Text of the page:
New Orleans Police chief retires after four years on the job

A survey of NOPD officers came back showing 86% of the officers “are dissatisfied with NOPD mentioning issues like cronyism, favoritism and only getting promoted based on who you know and not based on your ability and experience.”

New Orleans Police Chief Shaun Ferguson announced he’s retiring after nearly four years as the superintendent of the NOPD. His announcement comes after calls for his resignation.

“The City of New Orleans will soon bid farewell to a great leader, a great partner and a great friend. After 24 years of dedicated public service to the City of New Orleans, Superintendent Shaun Ferguson will retire at the end of this year. He gave this city his very best – the safety and wellbeing of each and every resident and visitor was always his top priority,” said New Orleans Mayor LaToya Cantrell.  

Ferguson’s departure has been one you could say has been widely speculated. Recently, New Orleans Councilman J.P. Morrell said in a council meeting, “We need a new chief, period. We need a new chief.” Morrell added, “You can repair the hole in the Titanic over and over but if the Captain keeps on driving it into an iceberg, nothing is going to change.”

Ferguson fought back and said, “I think everyone is entitled to their opinion. I think we need new leadership at the council.”

Ferguson was sworn in as the superintendent in January 2019 after serving as the Commander of the Educational and Training Division. The NOLA native began his NOPD career in 1998.


new orleans police chief retires Shaun Ferguson

NOPD’s website detailed Ferguson’s past saying, “Prior to overseeing the academy and training the next generation of NOPD officers, Ferguson served as Commander of the department’s Second District from 2016 to 2018 before moving to the academy in the summer of 2018. Before his assignment in the Second District, Ferguson commanded NOPD’s Fourth District from 2014 to 2016.”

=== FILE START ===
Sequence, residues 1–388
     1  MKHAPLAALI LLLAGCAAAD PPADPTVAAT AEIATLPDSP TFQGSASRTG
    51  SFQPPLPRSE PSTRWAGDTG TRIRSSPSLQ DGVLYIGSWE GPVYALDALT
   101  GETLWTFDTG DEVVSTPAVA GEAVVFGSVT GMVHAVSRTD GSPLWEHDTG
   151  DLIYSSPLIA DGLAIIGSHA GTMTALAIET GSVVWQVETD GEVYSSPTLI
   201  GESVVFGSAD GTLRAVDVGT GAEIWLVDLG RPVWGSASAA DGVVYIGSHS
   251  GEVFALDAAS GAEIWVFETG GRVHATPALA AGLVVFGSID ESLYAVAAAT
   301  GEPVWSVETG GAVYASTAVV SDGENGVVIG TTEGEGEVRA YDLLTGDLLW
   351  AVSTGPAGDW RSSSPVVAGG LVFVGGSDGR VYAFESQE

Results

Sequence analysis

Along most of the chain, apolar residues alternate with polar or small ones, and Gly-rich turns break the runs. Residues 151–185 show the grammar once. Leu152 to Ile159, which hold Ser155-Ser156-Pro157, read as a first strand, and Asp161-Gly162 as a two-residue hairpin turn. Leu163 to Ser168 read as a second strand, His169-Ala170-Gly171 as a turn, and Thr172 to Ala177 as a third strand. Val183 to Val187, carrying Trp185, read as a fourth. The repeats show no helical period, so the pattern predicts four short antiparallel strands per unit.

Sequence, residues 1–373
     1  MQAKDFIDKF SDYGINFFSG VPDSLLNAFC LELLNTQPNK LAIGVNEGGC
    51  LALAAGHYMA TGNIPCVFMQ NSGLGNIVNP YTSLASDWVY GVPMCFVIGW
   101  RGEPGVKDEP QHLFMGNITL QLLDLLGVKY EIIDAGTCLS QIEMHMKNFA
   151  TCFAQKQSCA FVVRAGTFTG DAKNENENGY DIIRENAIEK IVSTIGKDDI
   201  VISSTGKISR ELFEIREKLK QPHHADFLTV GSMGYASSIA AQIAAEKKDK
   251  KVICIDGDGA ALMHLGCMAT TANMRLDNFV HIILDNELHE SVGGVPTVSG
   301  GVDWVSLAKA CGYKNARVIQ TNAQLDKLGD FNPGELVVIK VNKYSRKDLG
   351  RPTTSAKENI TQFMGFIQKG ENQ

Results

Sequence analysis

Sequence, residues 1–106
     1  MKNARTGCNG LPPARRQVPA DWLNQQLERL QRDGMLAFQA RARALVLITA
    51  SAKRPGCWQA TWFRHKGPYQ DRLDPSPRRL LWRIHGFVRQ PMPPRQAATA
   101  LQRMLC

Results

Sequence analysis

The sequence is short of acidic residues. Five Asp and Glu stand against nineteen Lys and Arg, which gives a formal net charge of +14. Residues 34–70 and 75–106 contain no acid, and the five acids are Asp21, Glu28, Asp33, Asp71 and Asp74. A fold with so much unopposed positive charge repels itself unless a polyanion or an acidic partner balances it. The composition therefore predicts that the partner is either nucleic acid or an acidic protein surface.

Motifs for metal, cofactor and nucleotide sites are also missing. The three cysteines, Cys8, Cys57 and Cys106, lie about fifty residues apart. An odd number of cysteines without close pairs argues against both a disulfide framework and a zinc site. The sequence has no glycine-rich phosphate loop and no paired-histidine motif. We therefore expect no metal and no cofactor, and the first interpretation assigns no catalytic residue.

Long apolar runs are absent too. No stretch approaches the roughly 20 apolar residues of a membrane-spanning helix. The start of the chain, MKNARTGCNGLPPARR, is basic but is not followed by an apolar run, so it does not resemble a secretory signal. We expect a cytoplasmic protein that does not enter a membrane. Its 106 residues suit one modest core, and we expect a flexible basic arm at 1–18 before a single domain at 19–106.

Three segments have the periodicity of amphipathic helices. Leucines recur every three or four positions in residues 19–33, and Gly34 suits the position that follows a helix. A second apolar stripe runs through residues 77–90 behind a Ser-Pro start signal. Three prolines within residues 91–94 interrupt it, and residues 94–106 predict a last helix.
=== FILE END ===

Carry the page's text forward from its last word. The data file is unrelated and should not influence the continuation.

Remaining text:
A survey of NOPD officers came back showing 86% of the officers “are dissatisfied with NOPD mentioning issues like cronyism, favoritism and only getting promoted based on who you know and not based on your ability and experience,” said NO Council President Helena Moreno.

“We engage our officers on a daily basis looking for opportunities to improve their work environment,” Ferguson said in response. “I think we have done a hell of a job over the last several months.”

No word yet on when his last day will be and who will replace the chief.

Chief Ferguson did issue a statement:

I want to thank Mayor Cantrell and her administration for their constant support over the past four years. I also want to thank the men & women of the NOPD for their continued hard work and service its citizens. 

I also want to thank the citizens of this great city for their kind words and support during my tenure. I could not have done my job without their support, and I will always be grateful for that.